The Cupertino Tennis Club Newsletter
March/April 2009 Volume 3, Issue
The biggest activity this season has been preparing for the upcoming
lighting improvement project. The
project will start in April and the contractors hope to be finished in
July. The construction will
reduce available courts for USTA matches and casual evening playing as
a couple of courts will be taken off-line at a time.
For those of you playing the upcoming Adult USTA season, we have
made a few changes to accommodate the lighting project. Each team will be given 3 hours
and 3 courts to finish their 5 matches.
The exception to this will be weekend matches that begin after
6:00 pm. These matches will have 5 concurrent courts for 2 hours. With this system, we will need to adhere
to a 5-minute warm up, and match tiebreaks will be mandatory in lieu of
a full third set.
In the last newsletter, we asked if there was any interest in building
up the ladder program. We
only received 2 responses from individuals who said they were interested
in Ladder play. Due to the
general lack of interest, the CTC Board has decided to disband the program.
See page 7 for information on a new tennis program that the Board is introducing.
We will update you via email as we get more information on the
lighting project. We ask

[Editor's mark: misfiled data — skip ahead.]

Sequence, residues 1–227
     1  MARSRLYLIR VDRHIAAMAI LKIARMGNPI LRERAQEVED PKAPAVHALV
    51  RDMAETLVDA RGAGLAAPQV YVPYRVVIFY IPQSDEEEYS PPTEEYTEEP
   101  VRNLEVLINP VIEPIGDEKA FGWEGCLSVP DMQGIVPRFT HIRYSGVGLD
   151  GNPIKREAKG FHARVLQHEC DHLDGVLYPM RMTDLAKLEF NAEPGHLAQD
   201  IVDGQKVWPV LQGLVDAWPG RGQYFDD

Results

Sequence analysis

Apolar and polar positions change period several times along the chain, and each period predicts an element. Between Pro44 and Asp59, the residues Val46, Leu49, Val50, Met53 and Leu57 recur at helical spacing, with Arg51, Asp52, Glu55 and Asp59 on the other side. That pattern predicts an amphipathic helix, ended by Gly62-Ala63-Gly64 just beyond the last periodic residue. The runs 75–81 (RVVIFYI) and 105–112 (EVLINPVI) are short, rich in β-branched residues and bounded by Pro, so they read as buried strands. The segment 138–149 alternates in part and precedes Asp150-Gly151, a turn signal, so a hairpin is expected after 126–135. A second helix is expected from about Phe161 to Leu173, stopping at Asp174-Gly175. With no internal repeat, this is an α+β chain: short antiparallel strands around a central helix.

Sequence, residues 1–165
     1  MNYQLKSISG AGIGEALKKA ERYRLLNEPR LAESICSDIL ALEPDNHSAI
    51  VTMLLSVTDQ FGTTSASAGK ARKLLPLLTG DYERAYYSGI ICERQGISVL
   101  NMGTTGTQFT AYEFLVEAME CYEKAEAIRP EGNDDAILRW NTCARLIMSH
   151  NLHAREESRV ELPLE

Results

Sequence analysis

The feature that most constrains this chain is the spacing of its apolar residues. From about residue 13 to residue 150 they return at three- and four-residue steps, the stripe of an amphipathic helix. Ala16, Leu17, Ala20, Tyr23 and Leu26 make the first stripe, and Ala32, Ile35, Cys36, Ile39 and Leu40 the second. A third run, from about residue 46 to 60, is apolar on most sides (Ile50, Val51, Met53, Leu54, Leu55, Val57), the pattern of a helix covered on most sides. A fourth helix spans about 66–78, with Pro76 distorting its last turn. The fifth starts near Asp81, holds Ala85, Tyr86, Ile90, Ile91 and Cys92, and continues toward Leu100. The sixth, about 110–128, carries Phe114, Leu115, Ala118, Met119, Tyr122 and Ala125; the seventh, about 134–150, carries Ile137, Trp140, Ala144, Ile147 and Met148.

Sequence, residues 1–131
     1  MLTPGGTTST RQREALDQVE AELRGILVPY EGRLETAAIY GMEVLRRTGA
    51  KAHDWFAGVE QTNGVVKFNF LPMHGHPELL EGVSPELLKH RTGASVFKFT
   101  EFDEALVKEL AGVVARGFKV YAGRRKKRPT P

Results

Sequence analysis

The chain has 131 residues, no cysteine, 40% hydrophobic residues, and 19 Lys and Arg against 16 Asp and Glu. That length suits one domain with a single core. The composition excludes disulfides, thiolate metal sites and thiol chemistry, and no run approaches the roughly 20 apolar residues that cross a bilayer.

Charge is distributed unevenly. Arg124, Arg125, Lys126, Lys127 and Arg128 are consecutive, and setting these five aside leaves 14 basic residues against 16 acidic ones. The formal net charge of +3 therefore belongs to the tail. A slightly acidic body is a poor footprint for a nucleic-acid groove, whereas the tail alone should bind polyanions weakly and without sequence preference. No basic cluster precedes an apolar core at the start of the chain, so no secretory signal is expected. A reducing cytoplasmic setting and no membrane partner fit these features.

for your patience during the lighting upgrade. Keep in mind that this will improve everyone's tennis experience
at the Sports Center.
Tennis Tip of the Month by Dana Gill,
Exec, Director, Lifetime Tennis
When serving...........it's all about location, location, location!
Players at all levels (2.5 to professional) put too much
emphasis on power over location.
Andy Roddick may be able to hit through some players, but he would
hold serve more against Roger Federer if he hit more serves closer to
Practice tip! Place a target
6 inches inside each service box sideline and practice trying to knock
them down/over. Serves that
land closer to the sideline cause EVERY player to move 1-3 steps laterally
to hit the ball. This takes
time and creates player imbalance leading to more misses or inaccurate
returns of serve. Plus, players
that practice with targets tend to perform well under pressure as they
can better visualize the target in their minds.
Crime at CSC
Three ball machines were stolen from the ball machine court
shed on Saturday, March 21st.
Apparently, the thieves entered through the Stelling Street side
fence of the ball machine court, cut the shed lock and proceeded to take
3 Playmate ball machines. A
police report has been filed and this offense has been classified as breaking
and entering grand theft. A
$500 reward is being offered for any information leading the retrieval
of the machines or conviction of the crime.
USTA News by Bob Larocca,
Three of our Senior League teams will be going to Sacramento in
April to participate in the NorCal District Playoffs.
Our two 3.0 women's teams, one captained by Debbie Argabright and the
other by Diane Detig, finished 1-2 in the league. Both teams won very close first round
playoff matches and advanced as champion and wild card.
The Adult season starts April 6th and we have a record number
of teams participating. We've
grown from 13 teams in 2007 to 17 teams in 2008 to 20 teams this year.
That's at, or maybe above, the maximum number of teams that we
can handle. While it's great that we have a high level of participation,